I didn't witness the Divis Street rioting in 1964 when the RUC acted in response to Ian Paisley's demand to remove a tricolour.
Nor was I yet on the road with my reporter's notebook two years later when more rioting ensued as a Paisley-inspired parade coat-trailed through another Catholic area of Belfast.
But, from then on, 'Big Ian', as he was known in my community, became a growing, foreboding image who threatened to produce the political spark that could ignite street frenzy - and frequently did.
There were others, too, fomenting discord in those very early days of the Troubles vastly more dangerous than Ian Paisley, like John McKeague, the east Belfast-based printer who let it be known that 'Big Ian' had double-crossed him and who invariably referred to him as "thon big b******".
McKeague, who founded the Red Hand Commando terror gang, never divulged - to me anyway - what it was that Paisley had done that he felt had betrayed him. It might have been no more than a personal snub deriving from the Free Presbyterian Moderator being told that McKeague was gay.
Throughout his career, Ian Paisley has displayed the trait of exploiting other political figures or groups and then scurrying away from them when either they became an embarrassment, or the action got heavy.
Major Ronnie Bunting was one figure who stood by Ian Paisley's side for a time, from 1969, as the pair hounded the People's Democracy march and, say some eminent historians like Paul Bew, polarised and destroyed the political middle-ground in Northern Ireland.
Many unionists tired of his antics, some agreeing with the supposed IRA description of him as the 'greatest recruiting sergeant the Provos ever had'.
Others, like one of my bosses in Dublin in the Irish Press group, never tired of inquiring of his antics. "What about Paisley? What's he up to?" was Gerry's weekly refrain.
And to be fair to the 'Doc', like the Duracell bunny, he just kept going and going, seizing the opportunity to become an MP and thereafter developing the Democratic Unionist Party to overtake the party of his first political opponent, Terence O'Neill.
Along the way he created, or supported, the Ulster Constitutional Defence Committee and the Ulster Protestant Volunteers, then later the Third Force in 1981 which became suitably dubbed the Third Farce by contemporary political rivals.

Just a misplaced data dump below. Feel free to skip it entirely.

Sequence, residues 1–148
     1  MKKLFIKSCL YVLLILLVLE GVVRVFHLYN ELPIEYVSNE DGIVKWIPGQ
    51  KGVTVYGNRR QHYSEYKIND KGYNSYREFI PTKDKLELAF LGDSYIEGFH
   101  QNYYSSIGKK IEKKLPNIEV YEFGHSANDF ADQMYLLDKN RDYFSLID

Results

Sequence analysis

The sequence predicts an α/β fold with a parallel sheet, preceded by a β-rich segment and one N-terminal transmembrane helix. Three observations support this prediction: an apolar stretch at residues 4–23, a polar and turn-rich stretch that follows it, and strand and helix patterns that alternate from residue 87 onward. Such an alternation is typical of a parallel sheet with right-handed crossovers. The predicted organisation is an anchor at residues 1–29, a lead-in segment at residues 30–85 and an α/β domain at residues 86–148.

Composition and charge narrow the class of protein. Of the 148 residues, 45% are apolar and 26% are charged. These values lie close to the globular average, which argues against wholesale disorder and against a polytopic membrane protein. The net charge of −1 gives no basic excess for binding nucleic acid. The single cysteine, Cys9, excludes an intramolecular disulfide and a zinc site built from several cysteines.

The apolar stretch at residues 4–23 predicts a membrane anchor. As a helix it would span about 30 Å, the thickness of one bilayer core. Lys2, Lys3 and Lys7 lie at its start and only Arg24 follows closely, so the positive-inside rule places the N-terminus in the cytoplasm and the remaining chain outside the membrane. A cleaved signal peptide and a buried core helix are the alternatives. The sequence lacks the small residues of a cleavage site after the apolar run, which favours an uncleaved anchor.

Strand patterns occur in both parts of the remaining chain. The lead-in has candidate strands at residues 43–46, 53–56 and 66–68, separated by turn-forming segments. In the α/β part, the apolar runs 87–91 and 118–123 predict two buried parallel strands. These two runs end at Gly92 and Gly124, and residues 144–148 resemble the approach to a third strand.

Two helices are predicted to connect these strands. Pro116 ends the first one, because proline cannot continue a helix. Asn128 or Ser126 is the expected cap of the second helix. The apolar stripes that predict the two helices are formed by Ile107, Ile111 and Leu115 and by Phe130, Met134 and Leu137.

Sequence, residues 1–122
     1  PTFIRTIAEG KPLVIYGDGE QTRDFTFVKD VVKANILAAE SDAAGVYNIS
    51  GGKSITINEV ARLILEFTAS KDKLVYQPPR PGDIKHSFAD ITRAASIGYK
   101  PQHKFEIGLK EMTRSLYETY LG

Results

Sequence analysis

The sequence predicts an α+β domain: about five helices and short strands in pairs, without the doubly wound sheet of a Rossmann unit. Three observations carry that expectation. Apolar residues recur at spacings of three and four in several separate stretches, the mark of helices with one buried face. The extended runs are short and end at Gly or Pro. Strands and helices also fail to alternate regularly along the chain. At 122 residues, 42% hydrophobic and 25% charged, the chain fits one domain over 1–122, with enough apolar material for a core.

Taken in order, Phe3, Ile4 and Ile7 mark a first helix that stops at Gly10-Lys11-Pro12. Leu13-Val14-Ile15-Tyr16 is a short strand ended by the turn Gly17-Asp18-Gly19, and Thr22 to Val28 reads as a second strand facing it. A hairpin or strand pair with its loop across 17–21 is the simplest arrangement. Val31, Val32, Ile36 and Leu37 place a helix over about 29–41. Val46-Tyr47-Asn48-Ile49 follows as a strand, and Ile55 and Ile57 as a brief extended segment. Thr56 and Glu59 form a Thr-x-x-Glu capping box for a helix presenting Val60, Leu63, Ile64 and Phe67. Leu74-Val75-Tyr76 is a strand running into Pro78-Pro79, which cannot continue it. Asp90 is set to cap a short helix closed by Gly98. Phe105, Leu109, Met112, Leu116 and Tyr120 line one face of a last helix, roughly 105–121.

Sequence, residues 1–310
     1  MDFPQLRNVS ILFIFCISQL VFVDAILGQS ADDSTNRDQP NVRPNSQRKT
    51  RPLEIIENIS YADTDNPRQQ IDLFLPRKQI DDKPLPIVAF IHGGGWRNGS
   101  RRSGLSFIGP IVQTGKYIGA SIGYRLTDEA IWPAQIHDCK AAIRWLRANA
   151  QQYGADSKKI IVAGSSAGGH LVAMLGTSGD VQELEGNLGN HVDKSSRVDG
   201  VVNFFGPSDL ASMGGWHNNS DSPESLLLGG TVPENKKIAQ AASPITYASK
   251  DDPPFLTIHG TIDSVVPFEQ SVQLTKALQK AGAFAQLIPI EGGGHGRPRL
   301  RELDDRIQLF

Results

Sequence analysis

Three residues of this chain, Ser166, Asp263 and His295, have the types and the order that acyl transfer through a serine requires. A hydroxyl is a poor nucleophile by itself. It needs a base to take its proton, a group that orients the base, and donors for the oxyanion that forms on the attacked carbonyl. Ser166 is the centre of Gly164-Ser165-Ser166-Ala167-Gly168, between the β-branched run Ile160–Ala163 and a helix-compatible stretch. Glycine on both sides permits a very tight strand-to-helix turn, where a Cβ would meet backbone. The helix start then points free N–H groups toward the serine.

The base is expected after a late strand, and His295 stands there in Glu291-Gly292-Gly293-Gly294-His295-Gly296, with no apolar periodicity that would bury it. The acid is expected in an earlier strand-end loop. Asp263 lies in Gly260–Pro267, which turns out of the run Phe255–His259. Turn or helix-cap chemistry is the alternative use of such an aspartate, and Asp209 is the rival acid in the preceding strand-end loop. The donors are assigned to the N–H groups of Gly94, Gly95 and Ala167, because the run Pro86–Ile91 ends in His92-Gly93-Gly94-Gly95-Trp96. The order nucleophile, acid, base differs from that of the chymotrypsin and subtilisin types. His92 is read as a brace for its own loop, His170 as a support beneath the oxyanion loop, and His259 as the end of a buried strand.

Ulster Resistance followed in 1986 in protest at the signing of the Anglo-Irish Agreement and the 'Doc' told the assembled at an Ulster Hall rally that fighting republicanism was the intention.
Resplendent in red beret, it was Paisley again exhorting the 'respectable' unionist proletariat to action while assuming the role of armchair general.
I remember being in an office on the Ravenhill Road in early 1977 speaking to Peter Robinson when the 'Doc' came in and brusquely told his deputy: "Get that man out of here. I have Mr xxxx coming to discuss important matters."
The 'important matters' related to seeking support from the business community for another 1974-style Ulster Workers Council strike - this time organised by the Paisley-controlled Ulster Unionist Action Council. It failed.
I assumed, then, that he didn't much care for me - even though I was a native of his chosen location for a ministry and, as a child, had not kicked any football against the red brick wall of his first little church in Shamrock Street.
For me, as a journalist who spent a considerable part of 40 years following his career, I am left with the abiding image of not just a politician who promised but didn't deliver, but one who caused great hurt along the way.
To paraphrase Enoch Powell, did his political life not end in failure when he was installed at the epicentre of government with the enemy he vowed to smash, Sinn Fein, only to be dumped by his own party. If a (Spike) Milligan-esque 'Ian Paisley: My Part In His Downfall', is written, surely the author will be Vanity Powers.